But the tale of yet another lonely child, who by the whims of a witch, in imprisoned at the top of a tower once she becomes 12, is eerily similar to an even earlier 10th century CE Persian tale of Rudāba, and to the myth of Santa Barbara, both long-haired damsels trapped in a high tower.
The oft told story, fairly mocked in popular culture, just found the incarnation du jour in Ni Linmei, a 55-year-old Chinese woman, who’s been growing her hair for over four decades.
Accordingly, she’s plans to compete for a place, where else? in the Guinness Book of Records. Her hair now stands at a striking 2.53m, about 8’3 feet, which is not yet enough to beat the current long hair holder.
The small Taiyuan village where she’s from, in the outskirts of the capital city of Shanxi province, is obviously excited by the prospects of having its name mentioned in the international press.
But it’s unknown whether anyone there, including Ni, has ever heard of Rapunzel, Rudaba, Santa Barbara or even the Brothers Grimm. Which, if you’d ask us, is part of the beauty of it all.

Legend has it that L.Frank Baum was a 40-something writer who was all but broke around Christmas of 1900. For all he knew, the five books he had written that year were not doing that great.
He was wrong, of course, and one of them, The Wonderful Wizard of Oz, granted him a hefty advance from his publisher, which pretty much saved that and all his future holidays for him and his family.
Again the Brothers Grimm appear in the picture, this time as an inspiration for Baum, who wrote Oz with his illustrator partner, W.W.Desnlow.
Despite having been rejected by all but one publisher, once out the book became an overnight sensation and one of those works of fiction that inspire a whole nation, as it went through war and hardship in the first half of the new century.
Baum went on to become a very successful and prolific author, publishing under his and assumed names, but nothing else he’s ever done compared to the Wizard of Oz.
Two years after published, it received its first Broadway production, also a hit, and, in 1939, the movie that defined the American brand of entertainment in the silver screen.
The movie was a technical breakthrough, for which Technicolor was created, and an artistic triumph for MGM studios. Above all, it made child-actor Judy Garland one of the most famous entertainers in the world.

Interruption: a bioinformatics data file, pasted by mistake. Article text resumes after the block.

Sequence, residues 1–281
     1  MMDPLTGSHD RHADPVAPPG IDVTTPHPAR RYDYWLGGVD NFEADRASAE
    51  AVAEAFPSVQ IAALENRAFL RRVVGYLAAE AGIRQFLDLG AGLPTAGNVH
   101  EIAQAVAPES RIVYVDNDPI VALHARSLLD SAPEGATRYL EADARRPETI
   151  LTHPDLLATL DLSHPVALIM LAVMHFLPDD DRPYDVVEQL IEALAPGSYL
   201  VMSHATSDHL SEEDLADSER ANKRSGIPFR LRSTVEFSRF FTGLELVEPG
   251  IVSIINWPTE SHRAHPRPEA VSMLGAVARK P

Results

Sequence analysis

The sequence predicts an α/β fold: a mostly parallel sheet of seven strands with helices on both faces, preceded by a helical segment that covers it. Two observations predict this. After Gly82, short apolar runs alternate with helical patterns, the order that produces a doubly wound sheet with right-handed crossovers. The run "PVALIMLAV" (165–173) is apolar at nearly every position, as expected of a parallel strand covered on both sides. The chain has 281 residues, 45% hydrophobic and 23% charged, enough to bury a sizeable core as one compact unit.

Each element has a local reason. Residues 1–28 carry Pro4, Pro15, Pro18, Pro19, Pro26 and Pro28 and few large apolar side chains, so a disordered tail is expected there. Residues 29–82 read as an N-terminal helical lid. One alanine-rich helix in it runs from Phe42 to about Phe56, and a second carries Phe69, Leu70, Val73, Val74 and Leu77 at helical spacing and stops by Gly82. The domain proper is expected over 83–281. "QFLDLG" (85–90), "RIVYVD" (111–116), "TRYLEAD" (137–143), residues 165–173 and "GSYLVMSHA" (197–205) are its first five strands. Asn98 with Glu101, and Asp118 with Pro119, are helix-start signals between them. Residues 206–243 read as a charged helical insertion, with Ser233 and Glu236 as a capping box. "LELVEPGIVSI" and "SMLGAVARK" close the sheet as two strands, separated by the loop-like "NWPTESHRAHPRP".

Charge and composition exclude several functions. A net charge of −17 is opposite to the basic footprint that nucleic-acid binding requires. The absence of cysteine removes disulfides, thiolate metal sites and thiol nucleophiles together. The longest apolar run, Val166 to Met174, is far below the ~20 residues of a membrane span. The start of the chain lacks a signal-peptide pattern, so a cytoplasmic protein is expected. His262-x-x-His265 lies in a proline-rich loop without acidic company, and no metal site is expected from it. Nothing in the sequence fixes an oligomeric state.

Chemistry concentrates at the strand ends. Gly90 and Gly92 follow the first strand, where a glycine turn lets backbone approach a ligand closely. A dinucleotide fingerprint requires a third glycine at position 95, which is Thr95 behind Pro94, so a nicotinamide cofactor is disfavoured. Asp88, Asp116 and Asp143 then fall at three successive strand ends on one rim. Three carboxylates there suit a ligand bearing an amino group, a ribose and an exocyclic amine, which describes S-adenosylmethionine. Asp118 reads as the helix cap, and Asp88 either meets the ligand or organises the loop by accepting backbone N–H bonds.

In fact, the movie turned her character Dorothy, and friends, the Tin Man, the Scarecrow, and the Cowardly Lion, into cultural icons, and Over the Rainbow one of all-time most memorable songs of a Hollywood musical.
The book became a long-running series and Baum wrote its 14th book sequel, Glinda of Oz, on his deathbed. Published posthumously, it was followed by 26 official sequels, written by other authors, which have been translated into 22 languages, from Tamil to Serbo-Croatian.
The endurance of this old-fashioned but modern fairy tale can not be summarized in a sentence, but the tale of all-commanding authority, an actual small man who ruled the world from behind a curtain, may have influenced authors such as George Orwell and Thomas Mann.
Unlike the fairy tales from which Baum drew inspiration from, Wizard of Oz also became an accidental political artifact of sorts, as it anticipated and commented the rise and fall of Hitler.
In one of those synchronized cultural events of the times, the German mass murdered happened to reach the top of the world with his armies, around the same time that the movie was ruling the box office with its message of hope and faith in mankind.

Leave a Reply

Fill in your details below or click an icon to log in: Logo

You are commenting using your account. Log Out /  Change )

Google photo

You are commenting using your Google account. Log Out /  Change )

Twitter picture

You are commenting using your Twitter account. Log Out /  Change )

Facebook photo

You are commenting using your Facebook account. Log Out /  Change )

Connecting to %s

This site uses Akismet to reduce spam. Learn how your comment data is processed.